Schumpeter theorizes capitalism with a dynamic model by introducing in the static model a new function, the entrepreneur. The entrepreneur is the carrier of the innovation, but he needs a purchasing power fund in order to realize his innovation. All three are absent from the static model, yet bankers, capitalists, and entrepreneurs are involved in the capitalist process. So, both capitalists with capital and bankers with credit fulfill the economic function of lending the means of payments. But Schumpeter stresses the crucial role of the banker in the emergence of innovations at the expense of the other central agent in capitalism, the capitalist himself. Indeed, the role and function of the capitalist is minimized in favor of the role of the banker, so much so that the latter can replace the former. The paradox we highlight is that Schumpeter seems to develop a theory of capitalism without capitalists. The relationship between entrepreneur and the banker seems to be enough to impulse the economic evolution. The aim of this article is to question the triptych of entrepreneur-capitalist-banker through their respective relationships and functions in the Schumpeterian model. The distinction among these different actors and the apparent paradox of a capitalism without capitalists makes it possible to highlight the Schumpeterian definition of capitalism, which places money at its core. Thus, the capitalist evolution is driven by a set of means whose heart lies in the phenomenon of borrowed money and credit creation.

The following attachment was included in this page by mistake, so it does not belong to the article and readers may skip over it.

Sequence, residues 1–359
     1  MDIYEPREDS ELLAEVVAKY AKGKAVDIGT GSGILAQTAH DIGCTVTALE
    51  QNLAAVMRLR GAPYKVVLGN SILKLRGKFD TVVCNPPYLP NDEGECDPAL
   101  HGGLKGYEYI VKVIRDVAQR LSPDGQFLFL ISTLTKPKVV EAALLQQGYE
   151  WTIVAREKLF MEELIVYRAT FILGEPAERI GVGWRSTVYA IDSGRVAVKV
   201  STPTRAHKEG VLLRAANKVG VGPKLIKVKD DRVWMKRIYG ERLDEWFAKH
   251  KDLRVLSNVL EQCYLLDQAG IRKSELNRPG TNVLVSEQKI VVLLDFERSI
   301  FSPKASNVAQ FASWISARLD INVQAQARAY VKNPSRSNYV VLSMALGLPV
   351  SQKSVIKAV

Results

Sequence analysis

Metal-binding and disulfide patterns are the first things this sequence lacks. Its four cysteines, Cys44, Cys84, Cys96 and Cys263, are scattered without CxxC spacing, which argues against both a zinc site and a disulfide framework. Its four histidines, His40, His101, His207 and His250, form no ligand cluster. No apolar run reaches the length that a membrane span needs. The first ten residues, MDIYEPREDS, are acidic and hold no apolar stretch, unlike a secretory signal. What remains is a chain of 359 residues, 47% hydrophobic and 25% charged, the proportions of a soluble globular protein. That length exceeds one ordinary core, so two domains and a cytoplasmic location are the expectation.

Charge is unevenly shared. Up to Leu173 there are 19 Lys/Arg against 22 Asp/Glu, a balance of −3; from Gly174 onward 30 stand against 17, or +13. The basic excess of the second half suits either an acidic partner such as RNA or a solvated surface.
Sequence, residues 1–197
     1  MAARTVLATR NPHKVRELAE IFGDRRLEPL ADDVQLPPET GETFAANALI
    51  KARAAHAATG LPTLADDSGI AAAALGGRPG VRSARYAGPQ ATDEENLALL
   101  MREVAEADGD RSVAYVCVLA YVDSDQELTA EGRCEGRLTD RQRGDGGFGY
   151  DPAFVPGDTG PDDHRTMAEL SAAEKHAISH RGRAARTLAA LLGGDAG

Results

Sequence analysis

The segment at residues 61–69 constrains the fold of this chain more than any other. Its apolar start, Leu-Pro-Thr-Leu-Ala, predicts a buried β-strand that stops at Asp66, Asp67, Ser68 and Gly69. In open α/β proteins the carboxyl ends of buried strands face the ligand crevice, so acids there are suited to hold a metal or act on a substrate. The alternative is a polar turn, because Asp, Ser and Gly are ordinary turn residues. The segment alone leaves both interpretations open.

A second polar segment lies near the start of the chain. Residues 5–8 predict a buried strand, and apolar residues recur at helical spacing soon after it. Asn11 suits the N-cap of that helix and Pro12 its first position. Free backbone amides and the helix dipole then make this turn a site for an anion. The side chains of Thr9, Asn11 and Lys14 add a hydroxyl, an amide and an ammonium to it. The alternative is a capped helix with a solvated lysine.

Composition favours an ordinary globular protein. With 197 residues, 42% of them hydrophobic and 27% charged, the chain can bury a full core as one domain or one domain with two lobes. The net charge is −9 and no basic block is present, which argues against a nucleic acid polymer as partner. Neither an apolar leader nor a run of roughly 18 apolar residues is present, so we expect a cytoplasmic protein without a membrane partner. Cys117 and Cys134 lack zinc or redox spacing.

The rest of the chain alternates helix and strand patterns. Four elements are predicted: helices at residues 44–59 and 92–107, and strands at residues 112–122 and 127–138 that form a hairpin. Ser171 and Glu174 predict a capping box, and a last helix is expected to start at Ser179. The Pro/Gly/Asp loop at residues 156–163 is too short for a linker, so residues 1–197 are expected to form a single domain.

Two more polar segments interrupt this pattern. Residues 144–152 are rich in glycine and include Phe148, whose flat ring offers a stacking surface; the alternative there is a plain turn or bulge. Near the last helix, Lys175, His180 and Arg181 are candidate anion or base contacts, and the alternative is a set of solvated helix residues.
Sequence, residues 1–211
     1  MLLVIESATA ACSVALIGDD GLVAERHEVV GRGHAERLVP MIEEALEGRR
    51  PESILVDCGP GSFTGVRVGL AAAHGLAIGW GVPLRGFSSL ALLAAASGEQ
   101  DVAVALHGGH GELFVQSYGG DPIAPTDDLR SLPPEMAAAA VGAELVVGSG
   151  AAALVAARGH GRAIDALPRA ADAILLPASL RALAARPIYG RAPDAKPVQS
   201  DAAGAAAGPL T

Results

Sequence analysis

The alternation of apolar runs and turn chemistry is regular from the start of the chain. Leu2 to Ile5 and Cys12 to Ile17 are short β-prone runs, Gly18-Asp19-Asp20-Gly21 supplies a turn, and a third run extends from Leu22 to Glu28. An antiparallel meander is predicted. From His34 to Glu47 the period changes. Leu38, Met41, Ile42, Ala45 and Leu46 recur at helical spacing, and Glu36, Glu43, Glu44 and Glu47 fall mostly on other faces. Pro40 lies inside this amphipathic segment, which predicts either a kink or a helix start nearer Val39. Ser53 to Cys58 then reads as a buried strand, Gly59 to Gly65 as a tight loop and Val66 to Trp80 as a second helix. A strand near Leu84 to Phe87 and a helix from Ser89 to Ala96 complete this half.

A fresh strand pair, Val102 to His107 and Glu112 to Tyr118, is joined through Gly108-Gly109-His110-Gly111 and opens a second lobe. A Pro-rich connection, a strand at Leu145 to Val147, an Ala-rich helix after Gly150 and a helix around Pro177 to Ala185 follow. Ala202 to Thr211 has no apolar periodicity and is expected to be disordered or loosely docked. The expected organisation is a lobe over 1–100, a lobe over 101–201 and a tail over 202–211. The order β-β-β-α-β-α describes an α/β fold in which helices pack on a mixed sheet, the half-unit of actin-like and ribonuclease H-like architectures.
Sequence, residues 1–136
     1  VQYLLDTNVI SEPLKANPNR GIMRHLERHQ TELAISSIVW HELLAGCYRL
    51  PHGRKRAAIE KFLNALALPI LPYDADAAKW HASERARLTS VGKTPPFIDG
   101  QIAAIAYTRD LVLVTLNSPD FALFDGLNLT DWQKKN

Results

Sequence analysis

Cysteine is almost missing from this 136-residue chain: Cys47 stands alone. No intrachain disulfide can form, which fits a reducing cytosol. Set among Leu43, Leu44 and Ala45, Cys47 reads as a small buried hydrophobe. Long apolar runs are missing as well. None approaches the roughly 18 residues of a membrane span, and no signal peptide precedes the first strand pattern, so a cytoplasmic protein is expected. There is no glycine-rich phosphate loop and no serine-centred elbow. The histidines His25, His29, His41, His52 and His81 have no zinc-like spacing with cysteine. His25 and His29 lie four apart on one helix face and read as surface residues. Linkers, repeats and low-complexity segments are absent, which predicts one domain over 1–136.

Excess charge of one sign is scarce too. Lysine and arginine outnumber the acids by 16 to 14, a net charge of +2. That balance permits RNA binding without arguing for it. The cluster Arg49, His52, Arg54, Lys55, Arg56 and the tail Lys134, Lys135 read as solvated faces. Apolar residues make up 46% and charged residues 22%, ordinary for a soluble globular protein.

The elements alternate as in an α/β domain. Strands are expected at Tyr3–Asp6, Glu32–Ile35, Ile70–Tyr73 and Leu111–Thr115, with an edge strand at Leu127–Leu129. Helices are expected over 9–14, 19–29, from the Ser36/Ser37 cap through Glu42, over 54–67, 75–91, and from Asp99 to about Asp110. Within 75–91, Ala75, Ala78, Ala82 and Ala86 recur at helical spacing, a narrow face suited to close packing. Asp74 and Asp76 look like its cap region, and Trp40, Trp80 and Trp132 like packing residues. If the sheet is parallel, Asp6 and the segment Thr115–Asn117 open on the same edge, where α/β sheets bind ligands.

JEL Classification: B15, B25, B31, B52